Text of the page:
Much like the Richard Mille – or owning a notable piece of physical art –  Punk 7121 doesn’t need to do anything for you except signal that you’re rich (and tasteless). And that it does!

It’s worth noting a few additional points though:

  1. The valuation of some projects has clearly been inflated as a way to money launder, move currency from authoritarian regimes, avoid taxation, or just pump the value so as to make a lot of money before those buying realize nobody running the project cared about anything beside robbing them.
  2. Most NFT projects have as little financial value as they do artistic; and the market reflects this. Don’t be fooled by the pricetag; see what someone actually paid for it.
  3. NFT prices don’t just vary based on perceived value, but also on blockchain’s gas fees. As mentioned, most NFTs are minted to the Ethereum blockchain (the first blockchain to natively facilitate smart-contracts; which are essentially legal contracts but written into code, and are necessary for all NFTs), but more are being built on other chains, from mainstream alternatives like Solana and Polygon, to lighter ones like DeSo.

Are NFTs good for artists?

It depends on the artist.

The high prices have been a benefit for some great digital artists whose work had been criminally underserved by the internet economy. I’ve loved the work of many digital artists online but other than buying an occasional print, I – and the majority of their fans – have done nothing to support them. NFTs are a way to change that; because you aren’t buying the art, but attaching a financial asset component to it. As this tweet notes, whatever critique you can have for NFTs, nobody was acting in a way to actually give artists money:

https://twitter.com/katxlev/status/1488869476707807233?s=20&t=IFfdx4AiTazuICyHHLlcRw

As a financial instrument, the connection of an image to a payment also makes it excellent for signalling support for a cause. Say our editor-in-chief Isaac was to mint some of his more sizzling tweets as NFTs; not only are you buying them as a piece of internet history, but to support his ongoing work. Sam Harris has intended to do the same for ‘effective altruism’, precisely because the cost of making an NFT is minimal, but by attaching some great art as a free reward to charitable commitment, it gives social credit to a good deed, and may improve the financial incentives of doing it, if those NFTs became desirable in time.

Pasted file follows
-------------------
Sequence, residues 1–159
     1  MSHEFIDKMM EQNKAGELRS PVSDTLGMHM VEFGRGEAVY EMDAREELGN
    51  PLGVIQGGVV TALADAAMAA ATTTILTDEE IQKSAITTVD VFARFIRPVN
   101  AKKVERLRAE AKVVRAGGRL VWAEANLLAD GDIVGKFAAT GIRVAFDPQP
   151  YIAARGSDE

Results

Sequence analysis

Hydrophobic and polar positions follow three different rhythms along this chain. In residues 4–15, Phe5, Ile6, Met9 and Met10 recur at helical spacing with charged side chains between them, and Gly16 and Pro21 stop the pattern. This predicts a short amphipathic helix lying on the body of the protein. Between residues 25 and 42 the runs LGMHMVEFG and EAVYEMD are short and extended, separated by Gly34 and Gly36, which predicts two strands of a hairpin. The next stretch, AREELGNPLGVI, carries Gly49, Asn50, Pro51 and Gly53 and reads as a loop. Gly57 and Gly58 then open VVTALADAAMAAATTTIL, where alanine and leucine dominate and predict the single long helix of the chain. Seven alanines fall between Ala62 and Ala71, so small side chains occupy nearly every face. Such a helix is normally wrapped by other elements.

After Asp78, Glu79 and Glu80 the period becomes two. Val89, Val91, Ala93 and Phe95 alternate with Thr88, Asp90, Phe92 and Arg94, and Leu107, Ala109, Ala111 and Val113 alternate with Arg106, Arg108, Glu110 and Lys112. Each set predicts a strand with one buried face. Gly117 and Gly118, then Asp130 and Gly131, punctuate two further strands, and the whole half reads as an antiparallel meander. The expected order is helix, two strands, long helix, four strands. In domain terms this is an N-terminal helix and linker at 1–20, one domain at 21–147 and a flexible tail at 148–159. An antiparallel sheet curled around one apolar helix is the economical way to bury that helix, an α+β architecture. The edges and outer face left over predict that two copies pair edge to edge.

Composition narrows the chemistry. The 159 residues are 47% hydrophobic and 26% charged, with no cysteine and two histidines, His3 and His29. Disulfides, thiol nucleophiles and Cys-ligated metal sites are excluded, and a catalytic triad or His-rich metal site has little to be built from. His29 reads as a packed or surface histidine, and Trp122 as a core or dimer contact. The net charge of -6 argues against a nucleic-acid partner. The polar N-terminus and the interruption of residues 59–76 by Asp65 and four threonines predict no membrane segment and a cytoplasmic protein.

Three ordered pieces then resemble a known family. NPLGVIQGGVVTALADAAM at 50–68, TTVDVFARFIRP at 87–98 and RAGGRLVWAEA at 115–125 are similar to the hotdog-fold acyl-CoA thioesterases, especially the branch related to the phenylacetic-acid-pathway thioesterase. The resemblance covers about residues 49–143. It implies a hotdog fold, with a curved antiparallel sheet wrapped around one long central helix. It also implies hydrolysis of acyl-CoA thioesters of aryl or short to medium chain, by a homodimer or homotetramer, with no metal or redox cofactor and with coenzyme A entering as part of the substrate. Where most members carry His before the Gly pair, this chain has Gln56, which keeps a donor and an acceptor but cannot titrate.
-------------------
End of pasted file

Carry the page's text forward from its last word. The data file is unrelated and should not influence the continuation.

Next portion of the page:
The flip side of this though is that what makes an NFT successful is not the quality of its art; and there’s a lot of theft.

For the former, consider the most successful NFT projects; Bored Apes Yacht Club, CryptoPunks, and Lazy Lions. As explained in this great video by Solar Sands, each piece consists of a computationally randomised set of elements, with some common and some exceptionally rare. This means they are inherently derivative, lack the signs of an artistic touch – because they fundamentally lack any – and are generally fucking hideous.

For the latter point, many digital artists who don’t like NFTs have had their work stolen and minted by those hoping to exploit their hard work; and even notable NFT creators have their work stolen and re-minted. Perhaps the most ironic example of this was where ‘DeeKay’s’ ‘LetsWalk’ project – cute animated profiles that steal a lot of very very valuable IP without credit – was reminted/stolen, to the original maker’s chagrin. Stolen IP is rampant through the NFT world, and the cracks are already showing; hype-wear reseller StockX was sued last week by Nike for their ‘NFT’ sneakers.

But what about the environmental impact of NFTs?

Worries about the energy consumption, and thus environmental harm, of blockchains fail to recognise that the server infrastructure that supports the internet consumes a huge amount of energy and resources as it is, and that the efficiency improvements that gas fee reduction requires is one and the same with improving its total energy usage. This means that, however energy-inefficient NFTs are now, no technology has more incentives to become environmentally friendly than the blockchain, and all great innovations start being ostensibly useless. The final point to mention is that energy consumption is a good thing – it is the road to progress. The worry is how it’s produced, but never have we seen as rapid and encouraging progress in making that renewable as we do now; notably in solar panels and nuclear reactors.

Should you invest in NFTs?

No.

Do not do this.

More specifically; if you have enough expendable income that you can afford for a certain percentage of it to burn, then yes, but otherwise, I would not.

Just save two- to four-months of expenses in a savings account and then dollar-cost average into a passive index fund.  

Why are NFTs useful?

As you can probably gather, I’m not enthused about most existing NFTs. They don’t protect art, are rife with scams, and are basically just the most technologically advanced, novel way to tell someone ‘Look, I’m rich’. But, this is genuinely unique, interesting technology, and despite this inevitable, distasteful beginning, I’m bullish about the future of NFTs.

As laid out in a very good Harvard Business Review article, NFTs allow artists to monetize their work effectively on the internet, as wasn’t possible before without selling ads or personal data; they can allow greater security for documents, tickets, and records, without depending on central bureaucracies; and this is just the beginning. If virtual worlds become mainstream, then they could allow for the purchasing of digital items to cross between them; for buying music from artists without it being tied to a single streaming service or platform; and paying directly for single articles, books, and podcasts online, for very small amounts, avoiding the costs of payment processors, and perhaps leading to a healthier media ecosystem, without having to bankrupt oneself on Substack subscriptions.

And if none of those individual things excite you, that’s totally fine! Remember, these are very early days of a technology that is genuinely novel and important. At the moment, there’s a lot of scamming, a lot of bullshit, and a lot of cringe. But, give it time, let smart, creative people take it in directions we can’t even imagine right now, and there could be something genuinely great in NFTs on the horizon.